The world of film loves mining halls of folklore and legend for stories, and one of those oft-traveled halls belongs to King Arthur and his Knights of the Round Table. But which Arthurian movies are the best? Which are emphatically the worst? How do we make those judgements and why? These are not the questions that plague our era, but they sure do bug us from time to time, and so we have decided to rank the lot.
You can tell an epic story at any length; sometimes a standalone fantasy can traverse just as much narrative space as an entire trilogy. But when it comes to fantasy worlds that we can explore every inch of, we are particularly fond of series with nine books or more. Yep, you heard us: we want trilogies upon trilogies (with the occasional side duology/quartet) in our favorite long-running SFF series. From alternate histories to fantasy that slowly becomes science fiction, from lady knights to more than a few telepathic dragons, from sagas that span one generation to multiple centuries, these series are so expansive and immersive that reading them feels not just like visiting a new world, but like coming home.
Sometimes in fantasy, fate is sealed by a pair of pine needles dropping on the foreheads of two newborns a month apart—one in a region where no pine trees grow. It’s a feather, snatched out of the air by a chubby little hand. A small omen that joins two players in an epic prophecy—but, even more significant than its potential to change the world is the moment in which it unites two halves, each searching for the other person who will complete them.
Imagine living your life in loneliness and then meeting your soul’s twin. Gods of light and dark, chaos and order. Threadsisters. Angels and demons. Heroes and goddesses. A princess and her shadow. Meet nine duos fated to find one another and, in many cases, to change the world.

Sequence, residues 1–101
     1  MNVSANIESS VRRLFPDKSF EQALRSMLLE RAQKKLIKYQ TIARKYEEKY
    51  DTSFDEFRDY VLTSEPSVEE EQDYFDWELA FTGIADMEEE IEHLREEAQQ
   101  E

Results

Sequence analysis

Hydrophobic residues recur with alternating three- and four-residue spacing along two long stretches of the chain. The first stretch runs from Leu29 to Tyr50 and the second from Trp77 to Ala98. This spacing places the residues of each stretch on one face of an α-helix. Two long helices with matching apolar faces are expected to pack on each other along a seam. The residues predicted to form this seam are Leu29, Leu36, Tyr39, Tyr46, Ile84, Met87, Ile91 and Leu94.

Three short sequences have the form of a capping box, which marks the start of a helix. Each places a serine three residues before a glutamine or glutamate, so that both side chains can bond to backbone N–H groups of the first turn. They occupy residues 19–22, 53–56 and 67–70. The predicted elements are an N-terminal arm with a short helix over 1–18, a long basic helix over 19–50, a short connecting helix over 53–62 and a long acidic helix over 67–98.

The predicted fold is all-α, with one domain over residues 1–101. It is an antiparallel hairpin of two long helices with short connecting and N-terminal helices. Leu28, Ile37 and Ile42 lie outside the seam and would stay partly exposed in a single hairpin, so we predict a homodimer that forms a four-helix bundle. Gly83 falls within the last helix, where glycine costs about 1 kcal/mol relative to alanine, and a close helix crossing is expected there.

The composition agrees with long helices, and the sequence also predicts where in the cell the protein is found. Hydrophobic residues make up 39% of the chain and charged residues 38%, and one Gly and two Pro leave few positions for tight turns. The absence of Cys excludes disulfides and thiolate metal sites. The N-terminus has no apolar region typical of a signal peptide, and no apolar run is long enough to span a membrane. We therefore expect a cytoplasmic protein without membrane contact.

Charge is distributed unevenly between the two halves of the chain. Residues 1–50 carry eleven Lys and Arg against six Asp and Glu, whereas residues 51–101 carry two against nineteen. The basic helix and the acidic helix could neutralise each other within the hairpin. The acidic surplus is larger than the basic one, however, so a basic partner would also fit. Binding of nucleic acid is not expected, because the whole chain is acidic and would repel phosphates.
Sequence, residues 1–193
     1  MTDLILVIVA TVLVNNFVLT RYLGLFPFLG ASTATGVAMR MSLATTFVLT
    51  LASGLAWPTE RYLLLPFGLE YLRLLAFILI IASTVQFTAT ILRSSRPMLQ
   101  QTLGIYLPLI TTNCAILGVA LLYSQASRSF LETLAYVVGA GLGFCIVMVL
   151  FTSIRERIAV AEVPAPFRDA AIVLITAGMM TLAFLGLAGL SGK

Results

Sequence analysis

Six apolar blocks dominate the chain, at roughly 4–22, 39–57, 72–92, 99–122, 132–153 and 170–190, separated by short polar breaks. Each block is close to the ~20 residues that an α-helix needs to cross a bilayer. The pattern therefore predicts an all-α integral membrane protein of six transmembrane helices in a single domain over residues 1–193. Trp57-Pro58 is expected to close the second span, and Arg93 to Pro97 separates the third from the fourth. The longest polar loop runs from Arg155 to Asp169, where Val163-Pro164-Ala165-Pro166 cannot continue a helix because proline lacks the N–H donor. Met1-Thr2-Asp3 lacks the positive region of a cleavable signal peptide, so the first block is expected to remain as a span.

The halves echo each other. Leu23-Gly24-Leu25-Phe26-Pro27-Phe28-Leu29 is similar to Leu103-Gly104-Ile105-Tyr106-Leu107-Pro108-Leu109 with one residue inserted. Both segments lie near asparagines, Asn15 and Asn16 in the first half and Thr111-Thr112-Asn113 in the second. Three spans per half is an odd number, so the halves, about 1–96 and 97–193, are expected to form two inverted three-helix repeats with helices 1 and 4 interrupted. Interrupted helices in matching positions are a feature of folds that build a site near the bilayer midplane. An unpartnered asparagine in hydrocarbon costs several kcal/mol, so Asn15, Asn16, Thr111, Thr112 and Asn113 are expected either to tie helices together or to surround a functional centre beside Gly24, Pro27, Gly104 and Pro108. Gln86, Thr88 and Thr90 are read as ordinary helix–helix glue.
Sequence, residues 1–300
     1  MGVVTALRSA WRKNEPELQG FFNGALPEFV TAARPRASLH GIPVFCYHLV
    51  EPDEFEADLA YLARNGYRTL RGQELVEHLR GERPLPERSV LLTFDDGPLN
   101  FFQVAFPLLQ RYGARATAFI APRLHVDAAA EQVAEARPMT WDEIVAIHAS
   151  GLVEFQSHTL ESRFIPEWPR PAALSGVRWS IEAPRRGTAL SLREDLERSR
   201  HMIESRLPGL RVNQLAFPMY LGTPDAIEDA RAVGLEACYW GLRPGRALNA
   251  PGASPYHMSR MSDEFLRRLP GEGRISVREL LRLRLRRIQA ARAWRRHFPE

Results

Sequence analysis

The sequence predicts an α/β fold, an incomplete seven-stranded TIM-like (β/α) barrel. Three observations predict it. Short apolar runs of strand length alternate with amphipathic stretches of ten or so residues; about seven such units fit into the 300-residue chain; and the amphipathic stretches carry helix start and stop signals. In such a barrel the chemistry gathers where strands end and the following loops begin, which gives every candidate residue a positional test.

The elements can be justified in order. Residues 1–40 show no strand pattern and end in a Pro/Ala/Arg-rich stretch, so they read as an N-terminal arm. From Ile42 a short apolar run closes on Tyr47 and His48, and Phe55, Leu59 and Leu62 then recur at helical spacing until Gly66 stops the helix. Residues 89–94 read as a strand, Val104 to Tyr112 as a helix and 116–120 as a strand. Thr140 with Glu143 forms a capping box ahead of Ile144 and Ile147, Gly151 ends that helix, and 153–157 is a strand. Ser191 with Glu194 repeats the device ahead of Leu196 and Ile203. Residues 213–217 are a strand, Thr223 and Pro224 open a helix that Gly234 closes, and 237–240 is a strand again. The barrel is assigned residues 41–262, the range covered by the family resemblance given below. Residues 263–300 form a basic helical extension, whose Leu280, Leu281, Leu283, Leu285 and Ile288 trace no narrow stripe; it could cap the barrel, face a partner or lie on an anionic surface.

It’s May the Fourth, and maybe you’re planning to rewatch your favorite movies, or dive into the new Bad Batch series—but there are plenty of other adventures waiting in a galaxy far far away that are just begging to join your To-Be-Read pile. Here’s a shortlist of our favorite canonical Star Wars novels, with something for every type of fan!
People love an unsolved mystery—especially one far enough in the past as to allow wild speculation. Has there been a case that’s invited more outlandish theories than Jack the Ripper’s? The combination of grotesque details, gaslit setting, creaky conspiracy theories, and the eerie suddenness of the murders onset and ending have all lead to hundreds of retellings. Some of the most interesting have been stories that careened straight into the uncanny, giving us Jacks who can travel through time, haunt bridges, and possess wax figures.
Perhaps the writers of the tales below couldn’t bring themselves to believe that such a monstrous man was entirely human? Whatever the root of the fascination, we’ve stalked the Ripper straight out of the alleys of Whitechapel and into these eight SFF tales.
Movies and TV shows aimed at children are always a delicate mix of cutesy innocence and potentially weighty subject matter—kids might get bored of endless sunshine without any conflict, but go too dark and you risk mauling delicate sensibilities, Return to Oz-style. And kid-friendly SFF can be tricky to navigate for even the most well-meaning guardian, after all what harm could be lurking in a puppet-filled fantasy adventure? Of course, there are also the traumatic moments we inflicted upon ourselves, staying up late only to peep at the screen through our fingers. Even if you had a storybook childhood, the odds are low that you escaped without being emotionally sideswiped by an intense moment or two…
We’ve polled our extended Tor.com family, and gathered up the moments that shaped us into the warped creatures we are today.
The Space Race encapsulates both the best and the worst of aspects of U.S. history. On the one hand, there is humanity’s drive to learn and explore. All space programs have no choice but to celebrate the wonders of mathematics, physics, and engineering. (To put this into ’80s film terms: no matter how jock-ish an image an astronaut wants to put forth, it’s still nerds who get us into space.) Space exploration doesn’t just raise the possibility that humanity will find new homes across the galaxy, but it also leaves technological innovation in its wake.
Some people love birds. Some people bird watch, or even have birds as pets. And we’re sure they’re lovely birds. But we really wish we had magic birds. That’s the goal, right? We maybe think about this too often. So here is our ode to fantasy birds!